I also managed to FaceTime with a friend, (Thanks free wifi, though you were rubbish when face timing!) which de-stressed me even more. Thank you! Then it was time for even less sleep...


I was still awake with an hour to go before my alarm went off (at 6am) & in true M.E/CFS fashion, once my alarm went off, all I wanted to do was sleep!  But I'd planned to get the full day at the convention this day & despite most of my symptoms now kicking into high gear & demanding attention, I was determined to get my full day!

I wandered over to the arena for 8am & got myself settled in my seat for the day. The program of the convention had been amazing & Sunday was no exception!  I did have to have some moments throughout the day when I had to close my eyes (not sleeping!) just to limit & help with the sensory overload I was experiencing. Doing this helped get me through the day, along with breaks from note taking. 

Although by the end of the day I was feeling pretty unwell (huge massive understatement right there!) & was beginning to crash as we travelled home. It was completely worth it! I was so proud of what I had achieved! It took a lot of prayer & help from my amazing mum but I did it! 

This experience has shown that going away when ill is obviously more difficult, (there's a lot more to think about) but I think it also brings the biggest feelings of achievement & gratitude for simply being wherever you may be or whatever you may be doing. 

Staying in "pacing mode", even if not "full pacing mode" is definitely worth doing as with careful planning, scheduling rests & prioritising events in life, you can achieve what you want. I will say that one thing I found helpful was to be realistic, being aware of my limits helped me to not ignore what my body was telling me & made me stick to my rest plans. Doing so helped me get the most out of the convention. If I'd gone with the idea that I was going to be doing all 3 days, I would have only got through the Friday & then likely been stuck in bed with PEM for the rest of the time.

So despite being ill, I got through it. I had the most amazing time & experienced the best convention I've been too!  I've also seen that even though I'm ill, I can still take part in life, even in a small way right now. My illness is not all that I am, even if it's all some "see" when they look at me.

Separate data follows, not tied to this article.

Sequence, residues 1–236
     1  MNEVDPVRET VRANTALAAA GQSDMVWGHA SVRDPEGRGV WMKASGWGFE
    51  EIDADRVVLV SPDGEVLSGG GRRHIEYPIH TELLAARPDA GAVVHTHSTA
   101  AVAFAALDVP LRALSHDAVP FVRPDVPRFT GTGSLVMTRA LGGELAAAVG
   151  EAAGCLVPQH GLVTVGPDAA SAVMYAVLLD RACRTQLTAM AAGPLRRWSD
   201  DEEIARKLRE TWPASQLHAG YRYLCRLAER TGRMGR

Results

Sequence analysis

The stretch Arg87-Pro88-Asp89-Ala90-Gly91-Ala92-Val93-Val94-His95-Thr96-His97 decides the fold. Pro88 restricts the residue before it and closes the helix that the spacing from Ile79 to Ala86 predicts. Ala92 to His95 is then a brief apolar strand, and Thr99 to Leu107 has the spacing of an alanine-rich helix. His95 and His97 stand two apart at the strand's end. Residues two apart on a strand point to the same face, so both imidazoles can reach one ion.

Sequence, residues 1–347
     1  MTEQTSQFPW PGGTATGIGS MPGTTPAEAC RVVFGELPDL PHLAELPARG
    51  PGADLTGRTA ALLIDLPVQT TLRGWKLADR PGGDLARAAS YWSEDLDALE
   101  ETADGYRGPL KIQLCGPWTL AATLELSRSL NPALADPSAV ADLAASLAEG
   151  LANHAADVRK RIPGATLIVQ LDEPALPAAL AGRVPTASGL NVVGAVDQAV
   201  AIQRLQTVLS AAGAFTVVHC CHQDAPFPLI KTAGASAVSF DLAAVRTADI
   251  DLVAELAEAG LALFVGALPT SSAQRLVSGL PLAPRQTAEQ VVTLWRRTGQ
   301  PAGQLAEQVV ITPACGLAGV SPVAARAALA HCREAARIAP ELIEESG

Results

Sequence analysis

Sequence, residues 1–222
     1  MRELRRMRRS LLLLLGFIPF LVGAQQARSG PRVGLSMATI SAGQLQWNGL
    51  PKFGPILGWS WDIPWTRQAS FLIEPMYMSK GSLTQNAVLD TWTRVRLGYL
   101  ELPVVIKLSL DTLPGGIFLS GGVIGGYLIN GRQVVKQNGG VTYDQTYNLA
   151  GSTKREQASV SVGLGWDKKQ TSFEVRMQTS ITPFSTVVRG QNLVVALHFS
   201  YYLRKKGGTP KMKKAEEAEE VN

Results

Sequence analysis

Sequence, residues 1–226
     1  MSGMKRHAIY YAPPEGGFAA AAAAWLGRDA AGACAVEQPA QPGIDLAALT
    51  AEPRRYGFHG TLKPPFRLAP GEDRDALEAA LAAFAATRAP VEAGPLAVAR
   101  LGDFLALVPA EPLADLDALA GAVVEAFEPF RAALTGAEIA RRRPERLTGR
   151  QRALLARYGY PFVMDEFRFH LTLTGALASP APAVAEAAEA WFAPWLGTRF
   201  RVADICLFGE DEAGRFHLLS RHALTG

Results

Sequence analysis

Overall, I'm incredibly happy with how my first time away went. Yes it was scary & challenging but worth every effort & has given me the confidence to realise that my illness doesn't hold me back & that I'm not letting it either!

Yes ok, I was pretty much in bed from Sunday night until Thursday morning (managed a shower that day!) dealing with PEM. I was surprised that I wasn't in bed longer (just shows my treatment is actually working, HA! To all those not believing it!) & I managed to get downstairs Friday & Saturday!  But it's all been totally worth it & no amount of symptom flares will ever take that away!

There we have it, my first adventure away was a success & I just hope that this has helped all of my fellow M.E Warriors to see that with a realistic view of your limitations, careful planning & pacing, you can hopefully get to that event you want to go to. Obviously I'm not saying or encouraging you to overdo it (I did that Sunday & man it wasn't fun afterwards!) but don't be scared of not thinking you can't do anything at all. I know that's not easy, I still sometimes find that the crashes or flares I'm sure to face (due to the ones I've experienced), can petrify me into thinking I can't or shouldn't do something or go somewhere. 

Anyway, I hope everyone is as well as they can be & resting if need be.

Take care everyone & a huge thank you to all that read my blog, I've been blown away by the numbers recently, especially from the US! So a huge hello to you all across the pond!

Also don't forget if you've something you want to say,then please do comment below & I will reply to you. 

L x